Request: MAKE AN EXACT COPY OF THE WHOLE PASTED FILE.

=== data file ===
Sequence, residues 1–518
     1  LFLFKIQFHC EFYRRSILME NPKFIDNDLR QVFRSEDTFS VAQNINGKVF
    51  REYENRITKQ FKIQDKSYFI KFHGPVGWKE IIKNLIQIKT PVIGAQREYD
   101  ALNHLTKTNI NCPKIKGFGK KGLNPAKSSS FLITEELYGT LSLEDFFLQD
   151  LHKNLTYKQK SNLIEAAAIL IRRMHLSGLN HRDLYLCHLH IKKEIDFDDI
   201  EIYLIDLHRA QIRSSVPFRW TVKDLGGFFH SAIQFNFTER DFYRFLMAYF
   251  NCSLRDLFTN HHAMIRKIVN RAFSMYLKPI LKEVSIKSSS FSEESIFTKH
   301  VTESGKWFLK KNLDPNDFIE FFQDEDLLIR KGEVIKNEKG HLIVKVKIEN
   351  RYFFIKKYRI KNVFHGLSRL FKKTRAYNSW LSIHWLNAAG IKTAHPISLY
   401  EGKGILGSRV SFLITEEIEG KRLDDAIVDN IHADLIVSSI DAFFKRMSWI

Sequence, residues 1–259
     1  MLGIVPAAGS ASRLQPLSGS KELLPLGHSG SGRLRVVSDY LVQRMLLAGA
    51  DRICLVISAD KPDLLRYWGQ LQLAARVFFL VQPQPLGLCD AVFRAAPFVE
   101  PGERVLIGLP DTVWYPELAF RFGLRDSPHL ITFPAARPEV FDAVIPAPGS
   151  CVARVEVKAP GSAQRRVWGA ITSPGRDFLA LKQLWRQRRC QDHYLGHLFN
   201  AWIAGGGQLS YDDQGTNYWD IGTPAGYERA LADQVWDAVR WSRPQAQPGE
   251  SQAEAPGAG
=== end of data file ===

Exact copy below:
Sequence, residues 1–518
     1  LFLFKIQFHC EFYRRSILME NPKFIDNDLR QVFRSEDTFS VAQNINGKVF
    51  REYENRITKQ FKIQDKSYFI KFHGPVGWKE IIKNLIQIKT PVIGAQREYD
   101  ALNHLTKTNI NCPKIKGFGK KGLNPAKSSS FLITEELYGT LSLEDFFLQD
   151  LHKNLTYKQK SNLIEAAAIL IRRMHLSGLN HRDLYLCHLH IKKEIDFDDI
   201  EIYLIDLHRA QIRSSVPFRW TVKDLGGFFH SAIQFNFTER DFYRFLMAYF
   251  NCSLRDLFTN HHAMIRKIVN RAFSMYLKPI LKEVSIKSSS FSEESIFTKH
   301  VTESGKWFLK KNLDPNDFIE FFQDEDLLIR KGEVIKNEKG HLIVKVKIEN
   351  RYFFIKKYRI KNVFHGLSRL FKKTRAYNSW LSIHWLNAAG IKTAHPISLY
   401  EGKGILGSRV SFLITEEIEG KRLDDAIVDN IHADLIVSSI DAFFKRMSWI

Sequence, residues 1–259
     1  MLGIVPAAGS ASRLQPLSGS KELLPLGHSG SGRLRVVSDY LVQRMLLAGA
    51  DRICLVISAD KPDLLRYWGQ LQLAARVFFL VQPQPLGLCD AVFRAAPFVE
   101  PGERVLIGLP DTVWYPELAF RFGLRDSPHL ITFPAARPEV FDAVIPAPGS
   151  CVARVEVKAP GSAQRRVWGA ITSPGRDFLA LKQLWRQRRC QDHYLGHLFN
   201  AWIAGGGQLS YDDQGTNYWD IGTPAGYERA LADQVWDAVR WSRPQAQPGE
   251  SQAEAPGAG